MS Blazer Buzz 27 Jan
This week's highlight: 6th Grade Echinoderm Dissection Lab
Woodlawn sixth graders recently examined a fascinating marine creature -- the sea star. Sea stars belong to the phylum Echinodermata, meaning spiny skin. A lab dissection proved the best way to examine this creature since all echinoderms are marine creatures and Woodlawn is located a bit far from the coast. By conducting a dissection, students learned about the body structure and adaptations of the starfish. Students practiced good laboratory procedures and worked with a lab partner while examining the external and internal anatomy, including the water vascular and digestive systems. Working with a lab partner proved a rewarding experience as students helped each other during the removal of the spiny skin and examination of the internal organs. Most students reported that dissection was a unique hands-on experience, and even those who were a bit squeamish learned more about starfish than they expected! While recording their observations like real scientists, the sixth graders gained knowledge of echinoderms and learned how careful observation is an indispensable scientific tool. Some of the greatest scientific discoveries began with deliberate and careful observation of the natural world.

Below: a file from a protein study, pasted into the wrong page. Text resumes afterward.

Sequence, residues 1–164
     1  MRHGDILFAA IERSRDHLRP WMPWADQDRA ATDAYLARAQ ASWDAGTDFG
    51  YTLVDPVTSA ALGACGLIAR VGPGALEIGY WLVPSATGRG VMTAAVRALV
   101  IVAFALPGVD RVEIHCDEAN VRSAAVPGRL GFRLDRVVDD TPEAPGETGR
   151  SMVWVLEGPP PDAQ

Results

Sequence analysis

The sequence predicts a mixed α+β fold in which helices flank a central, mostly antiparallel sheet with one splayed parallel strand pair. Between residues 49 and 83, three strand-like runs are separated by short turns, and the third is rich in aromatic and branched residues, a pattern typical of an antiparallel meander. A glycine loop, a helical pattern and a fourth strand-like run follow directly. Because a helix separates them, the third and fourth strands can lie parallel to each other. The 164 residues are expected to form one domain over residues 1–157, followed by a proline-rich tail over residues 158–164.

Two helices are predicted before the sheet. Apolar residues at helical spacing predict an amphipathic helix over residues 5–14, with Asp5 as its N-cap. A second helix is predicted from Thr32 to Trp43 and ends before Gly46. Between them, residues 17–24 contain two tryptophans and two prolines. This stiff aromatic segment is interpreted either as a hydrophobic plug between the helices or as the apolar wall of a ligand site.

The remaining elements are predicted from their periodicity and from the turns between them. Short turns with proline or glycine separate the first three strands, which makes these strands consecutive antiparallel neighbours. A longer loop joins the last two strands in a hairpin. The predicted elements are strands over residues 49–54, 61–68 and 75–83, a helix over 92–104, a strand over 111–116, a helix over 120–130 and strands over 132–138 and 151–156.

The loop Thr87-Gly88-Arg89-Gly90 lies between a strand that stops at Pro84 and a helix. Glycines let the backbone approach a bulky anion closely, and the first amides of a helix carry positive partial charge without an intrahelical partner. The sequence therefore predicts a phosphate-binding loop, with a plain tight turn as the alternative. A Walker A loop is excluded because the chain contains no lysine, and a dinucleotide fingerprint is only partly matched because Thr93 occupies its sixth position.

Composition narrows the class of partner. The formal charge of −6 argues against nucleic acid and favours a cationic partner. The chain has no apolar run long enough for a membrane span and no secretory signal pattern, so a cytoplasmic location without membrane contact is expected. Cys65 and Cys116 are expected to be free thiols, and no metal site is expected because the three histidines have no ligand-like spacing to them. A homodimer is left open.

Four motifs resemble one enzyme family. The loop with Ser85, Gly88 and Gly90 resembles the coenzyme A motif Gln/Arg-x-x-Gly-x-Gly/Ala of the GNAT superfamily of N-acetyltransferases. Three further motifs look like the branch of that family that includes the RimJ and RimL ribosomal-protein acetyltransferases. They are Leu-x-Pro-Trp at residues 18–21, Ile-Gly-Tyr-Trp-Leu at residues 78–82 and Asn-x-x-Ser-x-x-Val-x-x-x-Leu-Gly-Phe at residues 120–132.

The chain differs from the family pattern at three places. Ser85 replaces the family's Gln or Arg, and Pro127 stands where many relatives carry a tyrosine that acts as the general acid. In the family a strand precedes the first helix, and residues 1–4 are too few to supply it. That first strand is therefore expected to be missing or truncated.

Contributed by Cathy Denham
MS Blazer Buzz 20 Dec
This week's highlight: Poverty Simulation
As part of our commitment to service learning, the third grade students partner with 5th Street Ministries and the seventh grade students partner with Mooresville Soup Kitchen and Mooresville Christian Mission in support of their commitment to helping those living in poverty. To increase awareness of the daily challenges faced by those living in poverty, Woodlawn hosted a poverty simulation for the seventh grade class. Parents of both third and seventh graders assisted with the simulation, creating a valuable experience for all.
"I was shocked at how much everything costs," commented seventh grader Vivian. "I wish I had saved more money. I learned that it is very hard to be in poverty."
"I was a working mom with a family of four to support," said classmate Julianna. "I was surprised that I got paid less for working the same job as everybody else. I learned that life can be really hard, and you can't do a thing about it sometimes."